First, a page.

When Facebook improves security, it imagines it’s protecting users from criminals—not the U.S. government, Zuckerberg wrote on his News Feed.
Mark Zuckerberg took to Facebook March 13 to vent about a disappointing phone call with President Obama and the National Security Agency’s (NSA) ongoing practice of spying on everyone.
“To keep the internet strong, we need to keep it secure. That’s why at Facebook we spend a lot of our energy making our services and the whole internet safer and more secure,” Zuckerberg wrote on his News Feed. “We encrypt communications, we use secure protocols for traffic, we encourage people to use multiple factors for authentication and we go out of our way to help fix issues we find in other people’s services.
He continued, “When our engineers work tirelessly to improve security, we imagine we’re protecting you against criminals, not our own government.”
In July, a number of prominent tech companies, including Apple, Facebook, Google, Yahoo and Microsoft, were accused of granting the U.S. government access to their servers and user data—accusations the companies denied. It was later discovered that while these companies were complying with the law and offering the government much of the front-door access it requested, the government was also sneaking in via backdoors of its own making.
In January, the president proposed measures to end eavesdropping on friends and allies of the United States, and reforms to give the American people “greater confidence that their rights are being protected, even as our intelligence and law enforcement agencies maintain the tools they need to keep us safe.”
But change has not come quickly enough.
“I’ve called President Obama to express my frustration over the damage the government is creating for all of our future,” wrote Zuckerberg. “Unfortunately, it seems like it will take a long time for the true full reform.”
The success of Zuckerberg’s social network hinges on user trust. We share photos, data and opinions, and Facebook sells us to advertisers, while making certain promises about security and privacy. When the NSA cuts a backdoor into Facebook’s servers, that model gets upended.
Though even before Snowden revealed the NSA’s actions, Americans had trust issues with Facebook. In a 2012 poll from AP-CNBC, 59 percent of respondents said they had “little or no” trust in Facebook.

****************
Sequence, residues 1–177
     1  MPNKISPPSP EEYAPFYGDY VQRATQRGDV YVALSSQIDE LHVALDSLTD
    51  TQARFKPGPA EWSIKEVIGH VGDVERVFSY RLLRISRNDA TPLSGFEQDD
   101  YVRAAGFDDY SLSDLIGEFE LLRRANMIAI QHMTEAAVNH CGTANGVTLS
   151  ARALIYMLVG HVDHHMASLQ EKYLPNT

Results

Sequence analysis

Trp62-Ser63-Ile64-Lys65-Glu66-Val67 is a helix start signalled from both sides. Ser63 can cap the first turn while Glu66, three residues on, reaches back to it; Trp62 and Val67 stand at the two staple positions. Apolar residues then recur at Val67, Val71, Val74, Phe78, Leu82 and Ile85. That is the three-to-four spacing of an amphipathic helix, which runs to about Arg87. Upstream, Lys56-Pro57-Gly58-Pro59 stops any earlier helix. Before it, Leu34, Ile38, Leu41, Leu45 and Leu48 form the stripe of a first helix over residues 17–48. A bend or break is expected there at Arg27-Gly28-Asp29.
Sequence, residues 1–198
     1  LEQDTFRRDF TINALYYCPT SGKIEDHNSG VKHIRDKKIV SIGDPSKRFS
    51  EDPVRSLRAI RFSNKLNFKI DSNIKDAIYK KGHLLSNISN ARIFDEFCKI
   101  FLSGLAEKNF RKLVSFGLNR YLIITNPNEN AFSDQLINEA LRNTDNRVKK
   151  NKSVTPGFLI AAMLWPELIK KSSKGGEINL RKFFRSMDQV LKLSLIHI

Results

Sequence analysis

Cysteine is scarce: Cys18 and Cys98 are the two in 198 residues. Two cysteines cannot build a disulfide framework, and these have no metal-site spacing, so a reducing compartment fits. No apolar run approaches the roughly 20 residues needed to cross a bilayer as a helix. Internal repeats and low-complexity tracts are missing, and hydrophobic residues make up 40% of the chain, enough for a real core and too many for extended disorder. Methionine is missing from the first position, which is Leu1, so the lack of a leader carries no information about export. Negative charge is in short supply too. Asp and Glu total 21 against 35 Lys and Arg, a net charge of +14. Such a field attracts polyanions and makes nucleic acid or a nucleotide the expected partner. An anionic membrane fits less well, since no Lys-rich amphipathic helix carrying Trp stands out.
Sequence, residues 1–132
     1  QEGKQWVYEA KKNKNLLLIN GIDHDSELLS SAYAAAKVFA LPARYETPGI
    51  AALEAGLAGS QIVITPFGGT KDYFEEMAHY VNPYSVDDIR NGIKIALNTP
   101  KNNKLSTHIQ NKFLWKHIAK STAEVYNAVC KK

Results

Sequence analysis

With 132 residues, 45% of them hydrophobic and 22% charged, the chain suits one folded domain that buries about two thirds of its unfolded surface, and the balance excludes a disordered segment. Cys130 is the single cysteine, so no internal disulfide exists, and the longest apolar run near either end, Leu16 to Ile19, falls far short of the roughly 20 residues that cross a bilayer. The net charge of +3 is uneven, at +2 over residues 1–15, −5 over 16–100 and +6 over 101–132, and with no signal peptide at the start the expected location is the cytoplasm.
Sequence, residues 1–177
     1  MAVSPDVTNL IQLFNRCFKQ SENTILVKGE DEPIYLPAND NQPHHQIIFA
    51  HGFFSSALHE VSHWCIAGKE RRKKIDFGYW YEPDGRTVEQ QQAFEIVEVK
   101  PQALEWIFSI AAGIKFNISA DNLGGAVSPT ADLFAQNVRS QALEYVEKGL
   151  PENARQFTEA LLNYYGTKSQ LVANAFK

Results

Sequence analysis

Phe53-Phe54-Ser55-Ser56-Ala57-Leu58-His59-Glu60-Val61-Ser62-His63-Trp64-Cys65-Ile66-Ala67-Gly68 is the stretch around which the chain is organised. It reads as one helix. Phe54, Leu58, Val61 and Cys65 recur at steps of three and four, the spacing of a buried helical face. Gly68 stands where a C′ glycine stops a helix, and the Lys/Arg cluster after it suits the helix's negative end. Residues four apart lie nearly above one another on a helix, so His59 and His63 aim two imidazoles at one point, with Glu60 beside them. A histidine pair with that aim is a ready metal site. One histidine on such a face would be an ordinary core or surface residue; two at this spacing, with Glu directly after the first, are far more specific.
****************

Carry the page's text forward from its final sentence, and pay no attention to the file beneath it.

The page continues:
And in a follow-up 2013 poll by Reason.com, 75 percent of participants said they had “only a little or no trust at all” in Facebook, while 64 percent said the same about the IRS and 59 percent said the same about the NSA. Only 2 percent of respondents said they trusted Facebook “a lot.”
News site The Intercept reported March 12 that documents leaked by NSA whistleblower Edward Snowden show that the agency has developed surveillance technology to “infect” potentially millions of computers with malware “implants.”
“In some cases the NSA has masqueraded as a fake Facebook server, using the social media site as a launching pad to infect a target’s computer and exfiltrate files from a hard drive,” said the report.
“In others, it has sent out spam emails laced with the malware, which can be tailored to covertly record audio from a computer’s microphone and take snapshots with its webcam,” it continued. “The hacking systems have also enabled the NSA to launch cyber-attacks by corrupting and disrupting file downloads or denying access to websites.”
Zuckerberg concluded his post by saying, with vague confidence, that it was up to “all of us” to build the Internet we want.
“Together, we can build a space that is greater and a more important part of the world than anything we have today, but is also safe and secure,” he wrote. “I’m committed to seeing this happen, and you can count on Facebook to do our part.”
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